The Douglass county trends Map Of Ohio Counties 565 X 611 pixels is very rare, but far more accessible is Braddock Mead's "Map of the Most Inhabited portion of new England," published by Thomas Jefferys in 1755. Mead's map follows rather alongside that of Douglass, even though past some significant improvements. For example, in Massachusetts Mead bonus new area names (such as "Pentusok," now Pittsfield), introduced county boundaries, and linked Cape Ann to the mainland whereas Douglass had depicted it as an island.
Following the Revolution, the government of Massachusetts urgently required an accurate county trends Map Of Ohio Counties 565 X 611 pixels for at least three administrative objectives: calculating tax allotments to the towns based on estate valuations, supporting the sale of public estate to pay off act debts, and informing infrastructure development. Existing maps were too old-fashioned and small scale to be of use. For example, dozens of townships time-honored after the 1750s were not shown on the Douglass and Mead maps.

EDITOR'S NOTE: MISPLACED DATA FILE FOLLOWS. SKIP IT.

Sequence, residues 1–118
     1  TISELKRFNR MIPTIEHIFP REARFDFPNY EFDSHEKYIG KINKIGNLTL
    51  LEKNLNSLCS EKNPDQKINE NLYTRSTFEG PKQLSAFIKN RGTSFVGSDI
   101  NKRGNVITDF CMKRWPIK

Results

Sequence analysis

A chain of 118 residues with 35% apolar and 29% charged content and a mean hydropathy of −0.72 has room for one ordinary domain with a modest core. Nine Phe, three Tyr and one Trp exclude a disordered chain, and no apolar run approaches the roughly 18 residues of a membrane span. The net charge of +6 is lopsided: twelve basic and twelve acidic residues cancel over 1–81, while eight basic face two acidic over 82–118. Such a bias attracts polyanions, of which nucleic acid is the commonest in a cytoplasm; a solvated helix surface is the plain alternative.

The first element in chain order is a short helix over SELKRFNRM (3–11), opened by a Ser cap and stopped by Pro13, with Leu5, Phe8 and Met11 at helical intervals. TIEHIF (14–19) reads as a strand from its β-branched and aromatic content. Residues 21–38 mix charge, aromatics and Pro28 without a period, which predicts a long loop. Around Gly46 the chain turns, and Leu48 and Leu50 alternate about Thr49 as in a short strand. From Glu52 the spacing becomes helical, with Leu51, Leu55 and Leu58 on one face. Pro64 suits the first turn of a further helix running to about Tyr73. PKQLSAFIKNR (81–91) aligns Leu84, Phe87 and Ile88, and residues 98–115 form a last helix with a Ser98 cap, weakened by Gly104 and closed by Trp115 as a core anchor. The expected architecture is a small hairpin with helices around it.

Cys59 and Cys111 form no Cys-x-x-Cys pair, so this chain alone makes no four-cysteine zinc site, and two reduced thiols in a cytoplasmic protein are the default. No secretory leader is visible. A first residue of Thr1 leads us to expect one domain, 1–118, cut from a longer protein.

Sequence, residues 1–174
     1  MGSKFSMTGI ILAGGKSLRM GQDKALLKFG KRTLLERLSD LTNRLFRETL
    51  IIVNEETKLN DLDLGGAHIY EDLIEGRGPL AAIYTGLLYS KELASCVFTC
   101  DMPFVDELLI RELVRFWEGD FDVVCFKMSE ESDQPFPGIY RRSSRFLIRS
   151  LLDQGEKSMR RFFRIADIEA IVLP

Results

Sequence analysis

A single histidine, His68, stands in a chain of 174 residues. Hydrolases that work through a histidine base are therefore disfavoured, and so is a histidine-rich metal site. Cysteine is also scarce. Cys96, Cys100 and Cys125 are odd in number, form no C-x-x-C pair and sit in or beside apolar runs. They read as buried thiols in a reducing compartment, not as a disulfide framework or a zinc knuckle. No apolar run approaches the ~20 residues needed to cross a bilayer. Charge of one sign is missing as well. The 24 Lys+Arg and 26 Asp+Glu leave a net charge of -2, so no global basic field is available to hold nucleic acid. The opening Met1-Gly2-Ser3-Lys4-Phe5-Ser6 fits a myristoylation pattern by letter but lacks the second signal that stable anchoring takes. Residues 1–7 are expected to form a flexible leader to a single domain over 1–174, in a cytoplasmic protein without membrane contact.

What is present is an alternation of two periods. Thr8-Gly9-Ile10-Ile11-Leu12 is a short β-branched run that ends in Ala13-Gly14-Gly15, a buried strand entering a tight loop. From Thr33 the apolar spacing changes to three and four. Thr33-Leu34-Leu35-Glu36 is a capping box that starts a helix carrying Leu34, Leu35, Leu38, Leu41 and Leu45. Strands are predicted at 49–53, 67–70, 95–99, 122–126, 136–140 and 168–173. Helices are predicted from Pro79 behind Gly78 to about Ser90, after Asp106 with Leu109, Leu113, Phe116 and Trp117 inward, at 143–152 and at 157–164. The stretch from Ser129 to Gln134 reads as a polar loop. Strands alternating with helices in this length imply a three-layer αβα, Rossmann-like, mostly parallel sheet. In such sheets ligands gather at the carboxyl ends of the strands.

This presented the legislature past a dilemma, as public funding for a make a clean breast Map would have been prohibitively expensive. hence in 1774 it resorted to an unfunded mandate, requiring each town in Massachusetts to conduct a survey of its territory and give in a scheme to the Secretary of State. These would later be compiled and where vital reconciled to manufacture the county trends Map Of Ohio Counties 565 X 611 pixels.